Companies that the Financial Stability Oversight Council (FSOC) believes may be subject to FDIC receivership under the Orderly Liquidation Authority contained in Title II of the Dodd-Frank Act, and certain of their affiliates, are now subject to recordkeeping requirements related to their “qualified financial contracts”1 (QFCs). Under Title II, in extraordinary circumstances, certain nonbank financial companies may be designated by the Secretary of the Treasury for resolution by the FDIC, under the same type of provisions that apply to the receivership of an insured depository institution, rather than the otherwise applicable insolvency regime (such as the Bankruptcy Code). A wide range of nonbank financial companies – including investment companies and investment advisers – that meet certain criteria are now subject to these new recordkeeping requirements (Rule).2 The first step in this new recordkeeping regime for an entity subject to the Rule is to identify, by March 30, 2017, a point of contact who will be responsible for QFC recordkeeping in compliance with the Rule.

Entities Subject to the Rule

The Rule requires entities that are deemed to be a “records entity” to maintain certain records regarding their QFCs. The Rule defines a “records entity” as a company that is:

  1. incorporated or organized under the laws of the United States;
  2. predominantly engaged in activities determined by the Federal Reserve Board (FRB) to be financial in nature or incidental thereto;3
  3. a party to an open QFC; and
  4. one of the following entities:
    • a nonbank designated by FSOC as a systemically important financial institution (SIFI);
    • a systemically important financial market utility (FMU);
    • an entity that is identified as a global systemically important bank holding company (GSIB) under FRB regulations;4 or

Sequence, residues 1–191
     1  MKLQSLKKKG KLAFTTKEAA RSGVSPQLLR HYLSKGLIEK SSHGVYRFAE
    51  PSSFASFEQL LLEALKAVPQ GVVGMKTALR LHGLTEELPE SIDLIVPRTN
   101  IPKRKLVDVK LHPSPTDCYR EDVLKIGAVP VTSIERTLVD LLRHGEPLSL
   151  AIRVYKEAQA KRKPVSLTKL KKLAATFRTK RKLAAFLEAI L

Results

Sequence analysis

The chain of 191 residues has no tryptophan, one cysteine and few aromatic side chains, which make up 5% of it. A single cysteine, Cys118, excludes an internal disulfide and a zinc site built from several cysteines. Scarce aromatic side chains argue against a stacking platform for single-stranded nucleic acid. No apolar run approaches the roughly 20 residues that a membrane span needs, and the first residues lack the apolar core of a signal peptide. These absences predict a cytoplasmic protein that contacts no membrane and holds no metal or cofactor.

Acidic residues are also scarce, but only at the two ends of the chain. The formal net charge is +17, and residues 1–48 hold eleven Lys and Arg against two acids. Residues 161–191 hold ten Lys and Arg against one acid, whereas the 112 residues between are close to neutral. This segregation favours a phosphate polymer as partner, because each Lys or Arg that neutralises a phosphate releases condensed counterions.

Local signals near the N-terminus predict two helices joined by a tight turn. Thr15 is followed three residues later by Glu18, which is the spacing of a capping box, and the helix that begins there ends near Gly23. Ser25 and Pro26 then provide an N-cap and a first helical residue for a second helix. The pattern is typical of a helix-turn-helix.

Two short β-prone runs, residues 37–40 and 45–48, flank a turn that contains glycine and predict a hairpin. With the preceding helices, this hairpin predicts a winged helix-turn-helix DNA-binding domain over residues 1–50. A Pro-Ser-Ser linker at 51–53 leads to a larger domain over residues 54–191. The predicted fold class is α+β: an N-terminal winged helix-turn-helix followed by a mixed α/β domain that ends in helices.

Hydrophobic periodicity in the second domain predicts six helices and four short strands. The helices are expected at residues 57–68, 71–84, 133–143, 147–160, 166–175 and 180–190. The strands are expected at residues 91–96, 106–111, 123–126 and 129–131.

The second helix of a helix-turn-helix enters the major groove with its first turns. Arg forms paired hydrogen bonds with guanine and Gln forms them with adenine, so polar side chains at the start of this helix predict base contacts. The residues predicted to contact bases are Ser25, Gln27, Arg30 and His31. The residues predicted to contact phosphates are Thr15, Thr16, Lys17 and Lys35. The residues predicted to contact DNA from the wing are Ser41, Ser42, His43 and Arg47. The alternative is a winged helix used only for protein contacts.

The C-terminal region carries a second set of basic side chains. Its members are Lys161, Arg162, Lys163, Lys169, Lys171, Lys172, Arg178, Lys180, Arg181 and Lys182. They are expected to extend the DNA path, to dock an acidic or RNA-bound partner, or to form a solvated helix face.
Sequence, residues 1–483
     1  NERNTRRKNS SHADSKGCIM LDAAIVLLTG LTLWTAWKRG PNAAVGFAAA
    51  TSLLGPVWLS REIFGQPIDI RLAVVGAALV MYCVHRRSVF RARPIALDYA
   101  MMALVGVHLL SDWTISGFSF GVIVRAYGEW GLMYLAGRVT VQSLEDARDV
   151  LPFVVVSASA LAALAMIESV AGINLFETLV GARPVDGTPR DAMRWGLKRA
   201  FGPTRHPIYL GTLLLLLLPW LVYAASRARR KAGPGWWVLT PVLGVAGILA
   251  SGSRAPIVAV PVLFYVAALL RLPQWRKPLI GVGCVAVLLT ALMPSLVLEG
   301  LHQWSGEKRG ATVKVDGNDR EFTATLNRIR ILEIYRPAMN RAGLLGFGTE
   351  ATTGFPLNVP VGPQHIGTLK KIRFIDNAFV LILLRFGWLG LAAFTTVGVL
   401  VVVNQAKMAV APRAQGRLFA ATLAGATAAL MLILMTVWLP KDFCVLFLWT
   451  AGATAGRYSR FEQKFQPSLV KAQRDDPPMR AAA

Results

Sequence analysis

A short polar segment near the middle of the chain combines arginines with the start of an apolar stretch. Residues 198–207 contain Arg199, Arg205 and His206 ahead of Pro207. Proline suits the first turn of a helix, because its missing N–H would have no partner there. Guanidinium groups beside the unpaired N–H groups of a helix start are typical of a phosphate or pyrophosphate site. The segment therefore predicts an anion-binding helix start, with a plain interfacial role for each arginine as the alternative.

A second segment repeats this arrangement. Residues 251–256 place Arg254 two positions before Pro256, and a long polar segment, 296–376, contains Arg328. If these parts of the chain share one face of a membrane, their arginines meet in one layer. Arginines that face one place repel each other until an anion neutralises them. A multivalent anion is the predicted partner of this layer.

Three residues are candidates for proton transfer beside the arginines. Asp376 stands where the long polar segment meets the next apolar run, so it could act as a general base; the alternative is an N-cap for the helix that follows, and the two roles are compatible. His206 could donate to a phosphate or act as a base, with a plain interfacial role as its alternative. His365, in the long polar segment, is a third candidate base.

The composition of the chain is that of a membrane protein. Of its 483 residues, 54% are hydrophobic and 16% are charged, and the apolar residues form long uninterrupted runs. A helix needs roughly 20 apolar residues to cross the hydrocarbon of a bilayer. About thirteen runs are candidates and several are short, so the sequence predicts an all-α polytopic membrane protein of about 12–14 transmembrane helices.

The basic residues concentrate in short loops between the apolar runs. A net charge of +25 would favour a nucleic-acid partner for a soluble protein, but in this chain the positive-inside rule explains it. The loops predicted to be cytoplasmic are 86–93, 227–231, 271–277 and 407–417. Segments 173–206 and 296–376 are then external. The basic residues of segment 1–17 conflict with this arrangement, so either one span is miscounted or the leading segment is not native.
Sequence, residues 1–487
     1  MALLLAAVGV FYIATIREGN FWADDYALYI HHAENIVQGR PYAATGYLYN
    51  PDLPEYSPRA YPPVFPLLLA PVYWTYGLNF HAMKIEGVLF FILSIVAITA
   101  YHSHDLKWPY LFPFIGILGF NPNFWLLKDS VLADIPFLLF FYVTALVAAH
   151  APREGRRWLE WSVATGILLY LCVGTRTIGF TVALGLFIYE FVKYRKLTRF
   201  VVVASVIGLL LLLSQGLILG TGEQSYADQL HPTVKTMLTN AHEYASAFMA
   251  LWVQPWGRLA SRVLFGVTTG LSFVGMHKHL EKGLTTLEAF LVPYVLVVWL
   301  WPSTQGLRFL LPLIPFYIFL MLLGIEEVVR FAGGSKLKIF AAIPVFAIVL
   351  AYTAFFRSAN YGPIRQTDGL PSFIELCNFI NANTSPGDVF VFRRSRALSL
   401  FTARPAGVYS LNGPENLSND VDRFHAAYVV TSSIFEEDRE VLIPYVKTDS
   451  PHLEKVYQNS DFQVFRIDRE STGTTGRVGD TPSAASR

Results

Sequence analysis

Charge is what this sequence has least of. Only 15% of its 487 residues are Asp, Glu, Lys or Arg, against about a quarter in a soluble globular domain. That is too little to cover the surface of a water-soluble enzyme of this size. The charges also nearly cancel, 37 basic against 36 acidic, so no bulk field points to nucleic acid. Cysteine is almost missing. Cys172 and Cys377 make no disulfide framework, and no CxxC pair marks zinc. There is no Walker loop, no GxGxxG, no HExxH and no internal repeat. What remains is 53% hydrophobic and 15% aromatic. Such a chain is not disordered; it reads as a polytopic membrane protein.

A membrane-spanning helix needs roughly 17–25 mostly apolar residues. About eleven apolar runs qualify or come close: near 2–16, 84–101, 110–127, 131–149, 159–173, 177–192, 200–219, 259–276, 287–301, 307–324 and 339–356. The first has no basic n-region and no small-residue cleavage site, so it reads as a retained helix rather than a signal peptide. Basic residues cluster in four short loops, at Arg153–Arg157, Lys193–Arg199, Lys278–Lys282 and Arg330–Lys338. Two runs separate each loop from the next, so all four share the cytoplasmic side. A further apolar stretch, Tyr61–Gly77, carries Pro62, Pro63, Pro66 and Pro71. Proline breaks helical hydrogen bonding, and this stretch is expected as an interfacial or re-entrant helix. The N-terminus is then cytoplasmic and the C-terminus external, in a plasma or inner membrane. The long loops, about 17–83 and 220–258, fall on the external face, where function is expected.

• an entity with at least $50 billion in total consolidated assets and either: (i) at least $250 billion in total gross notional derivatives or (ii) at least $3.5 billion of derivatives liabilities.

In addition, the term “records entity” applies to all entities that are consolidated entities within a corporate group in which at least one entity is deemed to be a records entity.

The preamble to the Rule notes that records entities may include the following types of financial companies: bank holding companies; broker-dealers; investment advisers; investment companies; swap dealers; security-based swap dealers; major swap participants; major security-based swap participants; derivatives clearing organizations; and clearing agencies.

Investment Companies and Investment Advisers as Records Entities

The preamble to the Rule makes clear that investment companies and investment advisers may be covered by the Rule. For example, an investment company or investment adviser might be subject to the Rule if the entity meets the assets and either of the activities tests.

In this regard, total assets are generally measured as the total assets reported on the audited consolidated statement of financial condition submitted to the relevant entity’s primary financial regulator.5 For registered investment companies (funds), total assets would be the total assets as reported on the fund’s most recent financial statements as filed on Form N-CSR. Importantly, each series of a series fund (as defined in Rule 18f-2 under the Investment Company Act of 1940) will be deemed to be a separate financial company.6 In addition, funds will not be considered affiliates of an investment adviser, and they will not be considered to be affiliates of other funds managed by the investment adviser, solely by virtue of sharing the same investment adviser.7 Investment advisers would calculate total assets using their audited financials for the most recent fiscal year.8

As noted above, under the $50 billion total asset threshold test, a financial company will only be a records entity if it also meets either the gross notional derivatives exposure threshold or the derivatives liabilities threshold.9 Notably, with respect to determining who is a party to a QFC, the preamble to the Rule states that “an entity will not be a party to a QFC for purposes of the [Rule]” if it is only a party to such QFC for the limited purposes of providing a representation.”

Exempted Entities

The Rule does not apply to insurance companies,10 insured depository institutions (IDIs),11 subsidiaries of IDIs that are not a functionally-regulated subsidiary or a security-based swap dealer or major swap participant; and Fannie Mae, Freddie Mac and the Federal Home Loan Banks.12 Records entities with 50 or fewer open QFCs are only required to maintain documents that govern QFC transactions between the records entity and its counterparties.